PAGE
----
Cadbury creme eggs are dumb. Those disgusting orbs of sugary gunk are what I imagine an adult Augustus Gloop binges on during cold nights when he realizes no one loves him.
The festive Cadbury eggs are an integral part of modern Easter, which should just be named "Sunshine Halloween." I want to be fair to those members of one of the world's great faiths AND to secular fatties. There is Easter, the Holy Day, and "Easter", which is just another time of the year when children and lonely people are allowed by society to consume mass quantities of foods that do nothing but but the “F” in FUPA.
The over-commercialization of Easter doesn’t take away from Easter’s meaning, because Easter already has plenty of meaning for billions of people. But Easter shouldn’t be called Easter. This springtime ritual should be divided into two holidays – one for Christians, and one for cocoa junkies. We shouldn’t allow a religious holiday to be hijacked and used as a propaganda tool by the powerful choco-industrial complex.
Every spring, there should just be a day called “Sunshine Halloween.”
Also: there can be also be regular ol' Christian Easter. Because what we now call Easter is just Halloween: a form of emotional blackmail where business manipulates tykes into demanding treats from parents who give in and hope the brats eventually crash for a few hours. Of course, both Easter and Halloween involve costumes.
There are five main differences between Easter and Halloween:
1. Easter is in the spring, Halloween is in fall.
2. Easter happens during the day. Halloween is at night.
3. You can dress up like the devil for Halloween. But you really can’t do that on Easter Sunday.
4. Easter’s colors are pastel blue and pink. Halloween’s colors are bat black and jugular spurt.
5. Little kids have to work for their candy on Halloween. Candy is delivered to little kids by a magical rat with floppy ears.
Easter weekend is a holiday of tremendous religious importance to Christians all around the world. But you wouldn’t know that walking down the aisles of any drug store in America. On those shelves are a bizarre collection of confections designed to look like eggs and bunny rabbits. I was raised Catholic, but I wouldn’t call myself a religious man. I call the day before Good Friday The Best Parts of Jesus Christ Superstar Thursday. The Passion of the Christ was a really messed up movie about a nice man being horribly tortured to death.
Also, as a child, I couldn’t connect the Easter Mass to the tacky public celebration at school and on television and at the mall. Easter egg hunts are fun and taught me many valuable lessons about capitalism as I competed with my younger brother to find as many dyed ovals of bird protein as I could. But what did that have to do with the resurrection of a carpenter executed in Rome thousands of years ago? For many Christians, their entire belief system orbits around this day, when their savior returns from the dead and proves his provenance. It is deeply significant to the religious.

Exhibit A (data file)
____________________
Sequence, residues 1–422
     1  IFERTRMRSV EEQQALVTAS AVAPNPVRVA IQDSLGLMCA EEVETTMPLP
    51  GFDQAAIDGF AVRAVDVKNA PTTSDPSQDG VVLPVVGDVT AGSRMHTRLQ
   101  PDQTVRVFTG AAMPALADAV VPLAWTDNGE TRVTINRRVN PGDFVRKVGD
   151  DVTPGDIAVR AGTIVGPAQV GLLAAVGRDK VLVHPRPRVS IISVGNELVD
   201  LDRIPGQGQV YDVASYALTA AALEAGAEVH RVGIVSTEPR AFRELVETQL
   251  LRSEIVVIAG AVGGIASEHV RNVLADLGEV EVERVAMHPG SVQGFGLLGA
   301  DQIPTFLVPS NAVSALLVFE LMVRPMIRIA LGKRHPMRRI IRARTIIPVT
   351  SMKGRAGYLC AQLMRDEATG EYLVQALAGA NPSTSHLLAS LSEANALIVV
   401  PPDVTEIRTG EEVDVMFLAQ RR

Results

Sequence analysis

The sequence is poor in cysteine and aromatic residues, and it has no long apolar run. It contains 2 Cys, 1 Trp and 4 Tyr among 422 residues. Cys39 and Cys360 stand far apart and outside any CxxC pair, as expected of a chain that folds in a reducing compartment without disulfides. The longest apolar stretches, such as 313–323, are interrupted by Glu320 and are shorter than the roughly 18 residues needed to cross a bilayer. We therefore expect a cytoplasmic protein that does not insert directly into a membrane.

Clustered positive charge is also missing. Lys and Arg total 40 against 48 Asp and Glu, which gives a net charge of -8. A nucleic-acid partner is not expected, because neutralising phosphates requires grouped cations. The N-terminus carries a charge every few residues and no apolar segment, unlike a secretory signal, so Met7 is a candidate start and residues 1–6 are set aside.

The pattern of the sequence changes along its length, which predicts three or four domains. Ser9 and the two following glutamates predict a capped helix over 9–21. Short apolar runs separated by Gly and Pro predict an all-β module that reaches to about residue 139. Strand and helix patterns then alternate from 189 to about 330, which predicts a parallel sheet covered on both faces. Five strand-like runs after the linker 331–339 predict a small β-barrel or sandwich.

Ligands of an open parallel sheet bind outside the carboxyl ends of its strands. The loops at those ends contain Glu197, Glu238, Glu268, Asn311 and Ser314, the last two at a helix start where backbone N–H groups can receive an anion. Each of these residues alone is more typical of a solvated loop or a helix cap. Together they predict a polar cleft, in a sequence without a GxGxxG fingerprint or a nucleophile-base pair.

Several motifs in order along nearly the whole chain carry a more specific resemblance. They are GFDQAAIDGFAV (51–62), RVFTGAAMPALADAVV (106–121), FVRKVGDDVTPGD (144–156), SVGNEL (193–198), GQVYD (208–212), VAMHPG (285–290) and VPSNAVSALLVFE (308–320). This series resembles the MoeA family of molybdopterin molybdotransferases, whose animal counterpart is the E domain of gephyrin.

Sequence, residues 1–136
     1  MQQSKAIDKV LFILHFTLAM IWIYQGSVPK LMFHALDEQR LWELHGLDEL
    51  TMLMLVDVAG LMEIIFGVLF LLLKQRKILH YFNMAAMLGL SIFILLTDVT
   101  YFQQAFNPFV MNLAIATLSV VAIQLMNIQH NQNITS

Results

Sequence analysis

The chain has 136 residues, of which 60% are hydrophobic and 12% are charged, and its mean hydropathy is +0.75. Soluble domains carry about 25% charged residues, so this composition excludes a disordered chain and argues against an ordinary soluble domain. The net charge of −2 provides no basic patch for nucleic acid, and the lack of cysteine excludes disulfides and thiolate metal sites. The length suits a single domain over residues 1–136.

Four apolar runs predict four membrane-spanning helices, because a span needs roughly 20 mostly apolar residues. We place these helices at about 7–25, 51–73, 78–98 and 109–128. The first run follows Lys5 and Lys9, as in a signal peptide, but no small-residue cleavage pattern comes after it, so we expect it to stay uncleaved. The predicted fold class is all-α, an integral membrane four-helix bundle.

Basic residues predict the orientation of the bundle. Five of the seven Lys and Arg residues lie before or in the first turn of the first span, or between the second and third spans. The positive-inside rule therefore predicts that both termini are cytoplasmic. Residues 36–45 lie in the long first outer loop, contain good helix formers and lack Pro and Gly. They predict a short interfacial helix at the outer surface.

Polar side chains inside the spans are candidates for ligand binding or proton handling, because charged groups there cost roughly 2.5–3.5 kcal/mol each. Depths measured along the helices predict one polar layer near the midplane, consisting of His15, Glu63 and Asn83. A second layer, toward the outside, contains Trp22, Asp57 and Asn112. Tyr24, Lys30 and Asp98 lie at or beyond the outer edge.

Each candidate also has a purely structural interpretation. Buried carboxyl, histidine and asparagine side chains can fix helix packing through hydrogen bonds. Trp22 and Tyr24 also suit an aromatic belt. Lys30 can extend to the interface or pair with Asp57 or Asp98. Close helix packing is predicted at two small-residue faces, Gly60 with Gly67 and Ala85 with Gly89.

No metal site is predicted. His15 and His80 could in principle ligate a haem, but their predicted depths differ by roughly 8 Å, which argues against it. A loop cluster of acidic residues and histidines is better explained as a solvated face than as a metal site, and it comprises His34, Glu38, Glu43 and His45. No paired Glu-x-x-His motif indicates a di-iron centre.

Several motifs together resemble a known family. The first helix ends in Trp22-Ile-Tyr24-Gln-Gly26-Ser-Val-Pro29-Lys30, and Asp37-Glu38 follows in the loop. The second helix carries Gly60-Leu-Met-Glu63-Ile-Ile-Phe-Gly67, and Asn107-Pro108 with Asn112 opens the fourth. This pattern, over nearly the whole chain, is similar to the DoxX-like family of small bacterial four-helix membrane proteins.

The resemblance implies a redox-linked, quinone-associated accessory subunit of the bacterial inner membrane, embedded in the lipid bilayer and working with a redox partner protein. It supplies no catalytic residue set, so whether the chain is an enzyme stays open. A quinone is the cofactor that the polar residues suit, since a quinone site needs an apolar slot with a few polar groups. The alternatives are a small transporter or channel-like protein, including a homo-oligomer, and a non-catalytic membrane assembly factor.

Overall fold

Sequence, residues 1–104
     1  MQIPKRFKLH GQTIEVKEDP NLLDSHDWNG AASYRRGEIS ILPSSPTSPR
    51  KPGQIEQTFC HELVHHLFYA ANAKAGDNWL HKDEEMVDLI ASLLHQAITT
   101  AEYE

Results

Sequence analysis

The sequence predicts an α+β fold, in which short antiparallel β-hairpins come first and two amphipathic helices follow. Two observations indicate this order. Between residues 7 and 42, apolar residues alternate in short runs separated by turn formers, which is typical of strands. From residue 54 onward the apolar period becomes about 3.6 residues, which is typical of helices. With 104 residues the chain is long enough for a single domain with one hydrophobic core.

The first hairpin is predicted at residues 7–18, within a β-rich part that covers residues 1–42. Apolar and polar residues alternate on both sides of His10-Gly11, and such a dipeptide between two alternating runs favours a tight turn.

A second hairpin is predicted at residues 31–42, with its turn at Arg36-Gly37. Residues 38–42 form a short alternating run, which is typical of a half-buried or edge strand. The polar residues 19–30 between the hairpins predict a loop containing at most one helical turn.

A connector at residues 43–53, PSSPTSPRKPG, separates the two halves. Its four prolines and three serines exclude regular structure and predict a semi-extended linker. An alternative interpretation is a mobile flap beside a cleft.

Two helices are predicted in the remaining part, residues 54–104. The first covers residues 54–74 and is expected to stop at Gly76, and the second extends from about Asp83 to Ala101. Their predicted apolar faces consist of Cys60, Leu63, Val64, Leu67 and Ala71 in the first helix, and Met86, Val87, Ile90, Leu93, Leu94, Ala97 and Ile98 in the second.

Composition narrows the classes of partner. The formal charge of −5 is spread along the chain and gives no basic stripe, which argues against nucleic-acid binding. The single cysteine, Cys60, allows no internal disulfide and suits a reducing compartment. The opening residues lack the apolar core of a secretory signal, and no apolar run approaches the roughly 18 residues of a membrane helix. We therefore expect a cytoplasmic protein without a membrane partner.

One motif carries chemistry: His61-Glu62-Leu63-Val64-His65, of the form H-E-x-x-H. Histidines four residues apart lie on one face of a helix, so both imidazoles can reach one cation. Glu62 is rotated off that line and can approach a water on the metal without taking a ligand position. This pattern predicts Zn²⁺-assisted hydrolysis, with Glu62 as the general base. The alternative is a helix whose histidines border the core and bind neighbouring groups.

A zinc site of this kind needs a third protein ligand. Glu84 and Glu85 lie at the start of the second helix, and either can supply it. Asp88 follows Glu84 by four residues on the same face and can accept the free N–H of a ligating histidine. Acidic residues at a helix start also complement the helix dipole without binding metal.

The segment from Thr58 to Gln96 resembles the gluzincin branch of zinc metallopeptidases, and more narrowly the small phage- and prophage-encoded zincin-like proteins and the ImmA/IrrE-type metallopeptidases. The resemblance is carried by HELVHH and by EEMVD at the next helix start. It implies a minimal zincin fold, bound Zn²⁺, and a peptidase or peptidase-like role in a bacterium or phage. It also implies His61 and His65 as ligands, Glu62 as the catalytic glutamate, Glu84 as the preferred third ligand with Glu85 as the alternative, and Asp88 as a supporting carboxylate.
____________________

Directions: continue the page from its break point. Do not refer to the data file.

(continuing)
That is fine. The right to worship who you want, when you want, for whatever reason you want is as American as deep-fried twinkies, comment section trolls, and Predator drones. I’d like to see someone try to tell me I can’t worship Cthullu, ancient squid monster of doom. But it seems a little disrespectful to those who genuinely treasure Easter for it to be turned into Halloween without the costumes or, frankly, the effort.
There are those, I’m sure, who will point out that Easter, like Christmas, incorporates certain pagan religious elements. After all, the Christmas tree is a symbol of… elf… stuff. But I don’t recall the pagans being money-hungry robber barons. Chances are, pagans are probably put off by money-grubbing. Why mix everything up? There are enough days in the year. The pagans should probably be encouraged to celebrate Naked Outdoor Dance Orgy Day every spring.
But Easter should just be renamed “Sunshine Halloween,” because it’s just another day out of the year where sticky gobs of sucrose are shoveled into children the way coal is heaved into a fiery furnace.
While we're at it, can we get rid of the friggin' Easter Bunny? As a kid, I was deeply disturbed by this colorful monster. I once woke up in a cold sweat the night before Easter, convinced that a large demon rabbit was watching me sleep.
At least Santa Claus doesn’t tiptoe into your bedroom.
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